Question 1 Report
It is normal in Nigeria to use proficiency in the use of English language as a barometer for evaluating the height of any person's educational attainment. Today, many teachers resort quite often to the use of vernacular in the teaching of their subjects. One is often dismayed at the incompetence of many teachers, even graduates in the use of English language. Throughout the colonial period, up to 1960, Nigerian formal education was patterned after the English system. The "accent" was on English and an educated Nigerian was one who was only African in colour but English in thought and culture. The ability to speak English fluently and if possible with an Oxford accent was the hallmark of excellence even if the speaker was empty of thought and ideas. In those days it was a serious offence for a secondary school boy or girl to "laugh in the vernacular". But we now swung to the other extreme. Nigeria would say they are not English people, some would say they did not specialise in English in the university. But the country has adopted the English language as its official, the language of instruction at schools, parliamentary proceedings, conduct of official business and indeed the lingua franca. If the language is to continue to be used, then it is imperative that we all agree on the pattern of correctness in the language so that communication can be effective.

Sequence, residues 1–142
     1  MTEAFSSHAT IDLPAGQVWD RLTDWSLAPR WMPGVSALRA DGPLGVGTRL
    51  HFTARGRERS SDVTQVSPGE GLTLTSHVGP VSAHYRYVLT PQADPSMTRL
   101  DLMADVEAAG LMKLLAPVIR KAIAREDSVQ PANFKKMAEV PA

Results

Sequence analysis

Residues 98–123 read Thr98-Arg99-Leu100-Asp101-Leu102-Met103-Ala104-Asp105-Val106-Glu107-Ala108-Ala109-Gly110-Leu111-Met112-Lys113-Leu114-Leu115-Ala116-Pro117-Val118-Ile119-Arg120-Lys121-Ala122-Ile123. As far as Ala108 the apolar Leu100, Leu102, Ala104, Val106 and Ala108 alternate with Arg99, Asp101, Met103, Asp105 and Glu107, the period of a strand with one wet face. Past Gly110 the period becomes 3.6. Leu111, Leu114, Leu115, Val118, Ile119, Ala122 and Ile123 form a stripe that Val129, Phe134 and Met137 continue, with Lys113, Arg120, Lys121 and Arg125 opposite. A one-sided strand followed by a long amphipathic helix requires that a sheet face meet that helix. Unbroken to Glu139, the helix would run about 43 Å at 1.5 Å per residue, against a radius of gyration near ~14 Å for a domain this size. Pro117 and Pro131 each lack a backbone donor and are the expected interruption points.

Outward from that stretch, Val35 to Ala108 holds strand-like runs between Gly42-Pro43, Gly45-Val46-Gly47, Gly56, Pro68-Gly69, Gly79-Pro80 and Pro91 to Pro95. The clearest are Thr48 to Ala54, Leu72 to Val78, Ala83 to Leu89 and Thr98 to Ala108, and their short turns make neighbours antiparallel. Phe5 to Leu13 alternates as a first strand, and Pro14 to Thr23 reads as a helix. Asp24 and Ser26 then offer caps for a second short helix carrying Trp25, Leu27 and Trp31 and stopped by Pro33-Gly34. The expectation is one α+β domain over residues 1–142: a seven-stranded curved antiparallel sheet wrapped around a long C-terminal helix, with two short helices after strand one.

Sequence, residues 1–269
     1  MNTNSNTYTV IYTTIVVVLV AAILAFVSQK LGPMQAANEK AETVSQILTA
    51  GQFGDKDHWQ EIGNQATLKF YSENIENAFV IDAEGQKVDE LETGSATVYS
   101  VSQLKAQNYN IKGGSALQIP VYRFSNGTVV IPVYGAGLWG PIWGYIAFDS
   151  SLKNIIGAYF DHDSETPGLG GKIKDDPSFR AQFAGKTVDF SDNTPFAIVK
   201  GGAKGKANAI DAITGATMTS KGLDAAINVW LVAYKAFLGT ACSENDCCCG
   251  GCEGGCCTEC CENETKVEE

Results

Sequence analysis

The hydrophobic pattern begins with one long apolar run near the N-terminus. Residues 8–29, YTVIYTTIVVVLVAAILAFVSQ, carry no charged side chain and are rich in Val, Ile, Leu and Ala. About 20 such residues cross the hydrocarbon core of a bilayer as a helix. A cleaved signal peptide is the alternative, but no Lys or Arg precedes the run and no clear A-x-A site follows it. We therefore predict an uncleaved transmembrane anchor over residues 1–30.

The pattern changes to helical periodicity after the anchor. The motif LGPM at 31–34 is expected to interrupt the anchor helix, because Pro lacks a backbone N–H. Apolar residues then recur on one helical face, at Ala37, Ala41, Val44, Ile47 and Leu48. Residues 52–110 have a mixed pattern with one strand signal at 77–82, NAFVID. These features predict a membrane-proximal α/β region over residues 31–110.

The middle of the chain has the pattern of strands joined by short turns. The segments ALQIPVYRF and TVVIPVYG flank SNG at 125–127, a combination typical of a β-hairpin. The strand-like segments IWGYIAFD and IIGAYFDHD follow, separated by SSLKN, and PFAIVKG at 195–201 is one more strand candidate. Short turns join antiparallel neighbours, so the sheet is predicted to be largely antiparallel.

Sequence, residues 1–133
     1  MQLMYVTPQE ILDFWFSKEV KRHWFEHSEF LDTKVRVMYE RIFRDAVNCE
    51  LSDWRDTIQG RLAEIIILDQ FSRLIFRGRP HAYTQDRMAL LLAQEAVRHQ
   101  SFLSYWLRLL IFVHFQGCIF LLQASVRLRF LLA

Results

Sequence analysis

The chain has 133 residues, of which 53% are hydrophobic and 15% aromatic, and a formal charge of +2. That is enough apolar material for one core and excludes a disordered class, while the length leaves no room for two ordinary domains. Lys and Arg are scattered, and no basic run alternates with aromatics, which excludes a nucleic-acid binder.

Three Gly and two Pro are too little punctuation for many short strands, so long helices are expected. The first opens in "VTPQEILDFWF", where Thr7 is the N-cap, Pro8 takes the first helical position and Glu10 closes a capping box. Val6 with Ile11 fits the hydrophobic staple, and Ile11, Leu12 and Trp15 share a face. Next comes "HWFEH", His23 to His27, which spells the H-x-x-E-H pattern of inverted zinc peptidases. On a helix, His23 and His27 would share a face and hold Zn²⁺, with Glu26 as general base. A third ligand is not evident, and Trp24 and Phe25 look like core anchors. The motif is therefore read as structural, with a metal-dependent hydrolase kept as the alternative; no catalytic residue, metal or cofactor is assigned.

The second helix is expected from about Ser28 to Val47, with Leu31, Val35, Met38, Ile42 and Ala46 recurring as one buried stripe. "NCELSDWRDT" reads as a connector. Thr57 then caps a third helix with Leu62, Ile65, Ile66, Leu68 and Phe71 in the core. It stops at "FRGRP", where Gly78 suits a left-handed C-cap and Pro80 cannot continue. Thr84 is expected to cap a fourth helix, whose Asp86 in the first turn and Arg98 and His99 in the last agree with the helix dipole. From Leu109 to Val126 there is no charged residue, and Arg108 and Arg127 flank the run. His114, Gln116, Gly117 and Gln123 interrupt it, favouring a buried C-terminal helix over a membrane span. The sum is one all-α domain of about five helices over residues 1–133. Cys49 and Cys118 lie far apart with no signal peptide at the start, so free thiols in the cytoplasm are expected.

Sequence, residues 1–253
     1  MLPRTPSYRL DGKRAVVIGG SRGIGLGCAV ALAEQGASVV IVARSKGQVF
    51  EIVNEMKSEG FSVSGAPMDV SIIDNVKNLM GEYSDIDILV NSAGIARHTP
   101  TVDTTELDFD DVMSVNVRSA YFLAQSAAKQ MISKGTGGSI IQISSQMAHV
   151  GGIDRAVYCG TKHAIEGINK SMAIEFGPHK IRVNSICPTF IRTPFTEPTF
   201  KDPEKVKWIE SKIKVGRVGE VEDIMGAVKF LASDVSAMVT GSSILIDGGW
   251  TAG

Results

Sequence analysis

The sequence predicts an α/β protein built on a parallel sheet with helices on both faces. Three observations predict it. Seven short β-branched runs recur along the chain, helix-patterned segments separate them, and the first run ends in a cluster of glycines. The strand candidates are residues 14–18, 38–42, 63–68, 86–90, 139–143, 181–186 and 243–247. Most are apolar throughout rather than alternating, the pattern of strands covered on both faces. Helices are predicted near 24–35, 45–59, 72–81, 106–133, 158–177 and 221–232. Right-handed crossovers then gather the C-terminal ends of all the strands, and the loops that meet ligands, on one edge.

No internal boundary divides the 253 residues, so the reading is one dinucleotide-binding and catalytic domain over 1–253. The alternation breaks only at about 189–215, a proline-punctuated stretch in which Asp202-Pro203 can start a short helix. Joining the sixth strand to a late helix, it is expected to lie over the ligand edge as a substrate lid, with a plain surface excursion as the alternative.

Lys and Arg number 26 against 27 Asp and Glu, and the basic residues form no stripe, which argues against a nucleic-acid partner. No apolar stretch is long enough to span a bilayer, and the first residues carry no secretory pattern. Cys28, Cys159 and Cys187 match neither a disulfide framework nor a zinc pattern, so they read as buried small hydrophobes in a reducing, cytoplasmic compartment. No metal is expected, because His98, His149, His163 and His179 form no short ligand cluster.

During the colonial period, according to the passage, an educated Nigerian was one who
According to the passage a Nigerian is only African in colour but English in thought and ideas